Here's Why Israel is Giving Palestine a Million Doses of Vaccine Doses Nearing Expiry Date

Israel will provide one million doses of about-to-expire Covid-19 vaccine to the Palestinian Authority, according to reports.

"Israel has signed an agreement with the Palestinian Authority, and will supply approximately one million doses of Pfizer vaccine that is about to expire," Prime Minister Naftali Bennett's office said, AFP has reported.

Israel Will Get the Lot Assigned to Palestine

The PMO issued a statement in tis regard jointly with ministries of defence and health. Under the deal, Israel will receive the Pfizer vaccine doses that the Palestinian Authority is supposed to get, probably at a later point in time.

Herd immunity
Until and unless a herd immunity is achieved through vaccinations, many people will be vulnerable to COVID-19 (representational image) Pixabay

"Israel will receive the same amount of doses of Pfizer in September/October 2021, on behalf of what is destined for the Palestinian Authority," the Israeli government statement said.

The news agency said there was no comment from the Palestinian Authority.

While Israel was at the world's top with regard to vaccination, Palestine had been struggling to get enough doses to vaccinate the most needy among its people.

Way Ahead

In Israel, more than 55 percent of the population have already received both doses of the Pfizer vaccine, helping the country ease restrictions and get back to normal life.

On the contrary, in Palestinian, only about 260,000 people have received two doses of the vaccine.

Reports said early in February that Palestine was facing a mounting challenge in its COVID-19 vaccination program, with an acute funding crunch staring at the cash-strapped territorial government.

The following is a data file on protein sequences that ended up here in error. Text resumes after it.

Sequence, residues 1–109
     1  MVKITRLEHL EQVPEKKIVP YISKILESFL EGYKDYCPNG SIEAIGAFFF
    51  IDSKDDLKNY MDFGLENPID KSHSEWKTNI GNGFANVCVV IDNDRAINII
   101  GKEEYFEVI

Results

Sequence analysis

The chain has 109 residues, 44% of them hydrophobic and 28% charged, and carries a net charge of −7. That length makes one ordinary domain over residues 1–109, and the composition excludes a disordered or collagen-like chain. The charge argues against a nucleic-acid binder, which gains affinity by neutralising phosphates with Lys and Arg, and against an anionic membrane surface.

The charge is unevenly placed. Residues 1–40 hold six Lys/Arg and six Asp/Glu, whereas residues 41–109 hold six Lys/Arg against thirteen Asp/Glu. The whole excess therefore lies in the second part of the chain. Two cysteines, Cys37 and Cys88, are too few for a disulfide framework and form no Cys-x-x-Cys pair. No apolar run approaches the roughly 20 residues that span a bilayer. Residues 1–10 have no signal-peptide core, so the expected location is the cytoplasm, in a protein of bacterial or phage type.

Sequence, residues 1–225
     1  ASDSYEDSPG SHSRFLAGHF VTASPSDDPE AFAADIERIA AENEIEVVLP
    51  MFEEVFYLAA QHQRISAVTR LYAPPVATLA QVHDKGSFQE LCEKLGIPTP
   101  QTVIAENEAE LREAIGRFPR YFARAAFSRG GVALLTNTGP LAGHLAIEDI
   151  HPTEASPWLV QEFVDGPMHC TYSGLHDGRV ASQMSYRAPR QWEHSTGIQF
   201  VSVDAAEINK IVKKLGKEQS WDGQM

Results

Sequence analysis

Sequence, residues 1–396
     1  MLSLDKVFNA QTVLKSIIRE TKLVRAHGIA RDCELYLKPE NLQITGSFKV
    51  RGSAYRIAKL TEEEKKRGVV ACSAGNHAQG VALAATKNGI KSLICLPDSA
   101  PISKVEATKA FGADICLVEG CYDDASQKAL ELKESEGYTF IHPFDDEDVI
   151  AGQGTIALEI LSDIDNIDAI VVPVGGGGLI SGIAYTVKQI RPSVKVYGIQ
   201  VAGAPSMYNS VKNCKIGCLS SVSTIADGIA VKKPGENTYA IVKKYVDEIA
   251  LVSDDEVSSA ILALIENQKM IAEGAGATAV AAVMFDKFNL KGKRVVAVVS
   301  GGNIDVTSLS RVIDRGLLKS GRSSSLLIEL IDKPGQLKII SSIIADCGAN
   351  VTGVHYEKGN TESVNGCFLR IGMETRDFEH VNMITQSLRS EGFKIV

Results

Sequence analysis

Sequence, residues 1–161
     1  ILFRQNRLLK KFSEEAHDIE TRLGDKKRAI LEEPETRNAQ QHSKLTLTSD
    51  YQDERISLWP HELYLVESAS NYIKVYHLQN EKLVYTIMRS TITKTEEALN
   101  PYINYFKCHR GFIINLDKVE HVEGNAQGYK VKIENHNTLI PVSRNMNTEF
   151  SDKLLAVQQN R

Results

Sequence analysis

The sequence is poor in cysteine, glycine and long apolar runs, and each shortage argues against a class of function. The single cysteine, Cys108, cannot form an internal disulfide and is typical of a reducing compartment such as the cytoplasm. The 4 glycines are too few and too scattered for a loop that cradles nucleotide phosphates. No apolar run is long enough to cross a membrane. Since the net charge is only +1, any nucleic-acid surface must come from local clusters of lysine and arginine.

According to a World Bank report, Palestine faced a $30 million funding shortfall. The report came a week after the Arab territory accused Israel of refusing to allow 2,000 coronavirus vaccine doses intended for Gaza health workers.


The Bank suggested that Israel could consider donating surplus doses to the Palestinians. "From a humanitarian perspective, Israel can consider donating the extra doses it has ordered that it would not be using," the World Bank said.

Continuing Tensions

In March, the Palestinian Authority said it had reached an agreement with Israel wherein the Jewish state will vaccinate over 100,000 Palestinian laborers with Israeli work permits. The decision came even as rights groups said that Israel hadn't done enough to safeguard Palestinians in occupied territory.

The Israel-Palestine vaccine deal was struck despite lingering tensions between the two sides following the 11-day war between the Jewish state and the Hamas in Gaza. Though the ceasefire ended the hostilities, there were renewed tensions earlier this week as arson balloons were launched from Gaza into Israel. The IDF carried air strikes inside Gaza city in retaliation.

Israel said the decision to provide vaccines to Palestine was taken as Tel Aviv considered its vaccine stocks.

"This agreement was made possible after noting that the stock of vaccines that Israel has in its possession meets its current needs," the government statement said.